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Subject: [FAMILIA] Saving Your Family Treasures: Four Destructive Habits
Date: Fri, 25 Jan 2008 09:54:33 -0800

Information Series on Genealogy %%%%%%%%%%%
This article is another of a series that I will present to the group for
information, education, or to enlighten.

List Administrator
Saving Your Family Treasures: Four Destructive Habits, by Maureen Taylor
Some of the worst damage to our family photographs and documents occurs
in the name of preservation. There are a lot more than four destructive
habits that cause our family history treasures to deteriorate, but the
ones listed here are commonly done by the most well-meaning genealogists.
There is no debate on what you should do before looking at photographs
and documents. Wash your hands with soap and water then dry them
completely. This removes the dirt and oils you could leave behind during
handling. In some archives they make you wear cotton gloves and in others
clean dry hands are enough. I prefer wearing gloves, because not only
will protect your pictures from the naturally occurring oils present on
your hands, but you won’t transfer surface grime from one photo or
document to another. Try the white glove test with your pictures. You
won’t believe how dirty documents and pictures get from hanging around
for a hundred years! I always wash my gloves after wearing them.
If you don’t know where to buy some inexpensive supplies search “white
cotton gloves” in an online search engine to locate vendors. I recently
ordered a dozen for around $8.00. That’s enough so that you can give a
pair to all the photographers and genealogists in your family.
Poor Storage Areas
Probably the most common question I’m asked is where to store photographs
and documents. The best place is often the hardest to find—a windowless
closet away from exterior walls and water pipes. I don’t have one of
those in my house, so I create a better environment by nesting one box of
photographs in a larger box. The buffer created by the outside box helps
prevent fluctuations in temperature and humidity. Many folks have written
to me about their storage dilemmas. It’s difficult to locate just the
right spot in your house that protects valuable family items from
damaging heat, light, and humidity. Trust me. Basements, attics and
garages make convenient storage places, but in the long-term you’ll end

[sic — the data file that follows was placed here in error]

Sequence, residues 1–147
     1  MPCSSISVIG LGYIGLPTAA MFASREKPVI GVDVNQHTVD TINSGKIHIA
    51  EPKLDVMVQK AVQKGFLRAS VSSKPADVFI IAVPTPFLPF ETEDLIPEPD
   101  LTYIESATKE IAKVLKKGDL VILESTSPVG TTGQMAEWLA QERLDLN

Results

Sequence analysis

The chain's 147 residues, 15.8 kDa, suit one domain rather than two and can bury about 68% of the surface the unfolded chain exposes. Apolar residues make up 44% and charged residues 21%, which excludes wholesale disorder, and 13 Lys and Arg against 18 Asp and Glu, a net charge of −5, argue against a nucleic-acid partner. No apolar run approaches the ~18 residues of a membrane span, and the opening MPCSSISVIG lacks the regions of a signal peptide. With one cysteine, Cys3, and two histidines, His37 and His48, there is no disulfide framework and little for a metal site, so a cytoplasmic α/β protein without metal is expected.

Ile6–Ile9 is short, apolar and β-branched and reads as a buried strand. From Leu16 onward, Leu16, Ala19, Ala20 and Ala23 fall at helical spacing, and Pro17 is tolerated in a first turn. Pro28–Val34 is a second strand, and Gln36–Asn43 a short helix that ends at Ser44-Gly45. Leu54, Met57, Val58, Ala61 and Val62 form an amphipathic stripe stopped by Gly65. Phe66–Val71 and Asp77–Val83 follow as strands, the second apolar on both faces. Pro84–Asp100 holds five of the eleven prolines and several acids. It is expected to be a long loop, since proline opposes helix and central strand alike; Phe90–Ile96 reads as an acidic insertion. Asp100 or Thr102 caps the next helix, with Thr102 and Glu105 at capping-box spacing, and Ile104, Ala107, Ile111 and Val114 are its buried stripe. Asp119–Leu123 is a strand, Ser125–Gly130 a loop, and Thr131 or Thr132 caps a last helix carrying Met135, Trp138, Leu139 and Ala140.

up destroying the material you’re trying to save.
Here’s a perfect present for the keeper of family materials. Buy them a
selection of reinforced boxes made from acid- and lignin-free board from
a company such as Hollinger Corporation.
Several times a year I receive a question about laminating photographs
and important papers. This technique falls into the NEVER category of how
to save family treasures. Lamination consists of poor quality plastics,
adhesive and heat. This trio is toxic to anything you laminate, and it
can’t be reversed. Anything laminated slowly deteriorates due to the
glue, the chemicals in the plastic, and the ingredients of the item
you’re trying to save.
Instead try encapsulation. This process uses two sheets of non-PVC
plastic or mylar, a safe adhesive strip and no heat. You can order a kit
with all the necessary supplies from Carr McLean
or buy items separately through companies like Light Impressions.
Unless you want your pictures and documents to end up in an estate sale
you should take time to label them. Before you reach for a gel pen or
other writing tool think about whether that utensil is light-fast,
waterproof, and permanent. If you want to write on a heritage photo all
you need is a soft lead pencil available in any art, craft, or office
supply store. If however, you’re trying to caption a picture with a
plastic coating then you’ll need something like a Zig marker also readily
available at any of those outlets. Along with the cotton gloves, give the
genealogist on your list one of each. Then offer to help them label all
those family photos and documents. Just write on the back in the upper,
left-hand corner.
For photographs, include the name of the person in the portrait, their
life dates, and when the photo was taken. Don’t worry that you don’t have
all the answers, put down what you know. On documents, include the name
of the person who wrote it and when. Scrapbook hobbyists might want to
compose an extended caption that actually tells the story of the item.
Think about the wonderful family history kit you can put together—gloves,
boxes, and writing utensils for that special person on your list. You can
find additional information on preserving family history treasures on
Sally Jacob’s blog.

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